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Rangers Not Using Fatigue as an Excuse

by Matthew Calamia / New York Rangers

Defenseman Dan Girardi has played 88 playoff games since the start of the 2012 tournament, while fellow blueliners Ryan McDonagh and Marc Staal have 79 and 70 postseason contests, respectively. Forwards Derek Stepan and Chris Kreider have 80 and 65 playoff games, respectively, since the start of 2012.

In net, Henrik Lundqvist has appeared in 116 playoff games in his career, including an astounding 81 since the 2012 tournament that saw the Rangers reach the Eastern Conference Final for the first time since 1997, and what would turn out to be the first in a four-year span through the 2015 tournament.

In essence, the Rangers have play a lot of playoff hockey over the last handful of years. But don't expect them to use that as a crutch as to why they fell to Pittsburgh in five games this playoff.

"It certainly shouldn't have," Stepan said. "You have to find a way — if you take deep runs you take deep runs — you've got to find a way to be able to regroup yourself at the start of the next season and get yourself ready to play in the playoffs.

"Your first goal is to make the playoffs and by playoff time next year, you should be ready to go," Stepan added. "It shouldn't take a toll on you."

Lundqvist, who has started 114 consecutive playoff games for New York, said once the tournament begins, fatigue should be moved to the back of a player's head.

"You don't want to find any excuses because when you do get [to the playoffs], you're so excited to play," he said. "But you try and put all the fact on the table and yeah, we have played a lot of hockey over the last few years, but when you're right in it, you don't want to think about that. You don't want to find excuses for not playing your best."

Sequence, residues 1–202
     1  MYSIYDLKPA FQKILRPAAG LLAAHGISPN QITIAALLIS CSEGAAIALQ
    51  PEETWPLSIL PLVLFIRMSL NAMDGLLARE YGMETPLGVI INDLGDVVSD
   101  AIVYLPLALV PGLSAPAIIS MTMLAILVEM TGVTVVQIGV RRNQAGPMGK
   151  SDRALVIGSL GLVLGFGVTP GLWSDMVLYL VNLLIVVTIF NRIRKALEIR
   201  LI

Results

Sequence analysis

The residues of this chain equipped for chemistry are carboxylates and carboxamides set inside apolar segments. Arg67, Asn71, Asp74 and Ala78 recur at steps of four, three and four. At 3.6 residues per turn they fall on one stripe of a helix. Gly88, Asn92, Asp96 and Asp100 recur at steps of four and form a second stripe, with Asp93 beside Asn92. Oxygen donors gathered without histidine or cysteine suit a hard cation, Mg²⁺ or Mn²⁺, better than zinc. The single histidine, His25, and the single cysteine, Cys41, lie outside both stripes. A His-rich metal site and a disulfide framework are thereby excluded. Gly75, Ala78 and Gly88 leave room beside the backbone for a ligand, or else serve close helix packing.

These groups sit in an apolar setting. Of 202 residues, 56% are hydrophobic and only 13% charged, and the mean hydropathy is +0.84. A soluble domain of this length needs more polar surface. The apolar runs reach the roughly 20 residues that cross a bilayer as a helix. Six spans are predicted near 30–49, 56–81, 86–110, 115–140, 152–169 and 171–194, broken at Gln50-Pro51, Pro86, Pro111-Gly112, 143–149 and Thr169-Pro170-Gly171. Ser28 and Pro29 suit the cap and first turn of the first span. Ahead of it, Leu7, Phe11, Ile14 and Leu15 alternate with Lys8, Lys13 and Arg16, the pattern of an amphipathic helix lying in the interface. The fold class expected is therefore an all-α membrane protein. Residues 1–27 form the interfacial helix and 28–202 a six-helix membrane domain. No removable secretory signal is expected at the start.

With the way the season ended on Saturday, there are few positives to take from this disappointing playoff, but one is that these Rangers with mileage on their bodies from extended playoff runs are now afforded some respite to regroup before training camp reconvenes in September.

"We've played a lot of hockey since I've been here," Stepan said. "I don't think I've been home before June 1. My rookie year, we lost to Washington in five and I went to the World Championships, so this will be the first time I've been home before June 1. We've got 16 weeks as a group. It certainly should be time to get our off ice training in and really focus on getting ourselves — it starts tomorrow for everybody to focus on what we can do to be better next year."

Lundqvist said the ups and downs were often this season, giving the 2015-16 campaign a different feel than ones in recent years, namely 2012 and 2015, when the Rangers were one of the top teams in the NHL. In 2014, of course, the team went to the Stanley Cup Final.

Lundqvist added there is plenty to take from the disappointing finish that can better the group in 2016-17.

"There's been some great experiences over the last couple of years, but this is an experience you'll learn from," Lundqvist said. "How can we do better during the regular season to be more consistent, and how we can be more on top of our game going into the playoffs next year."

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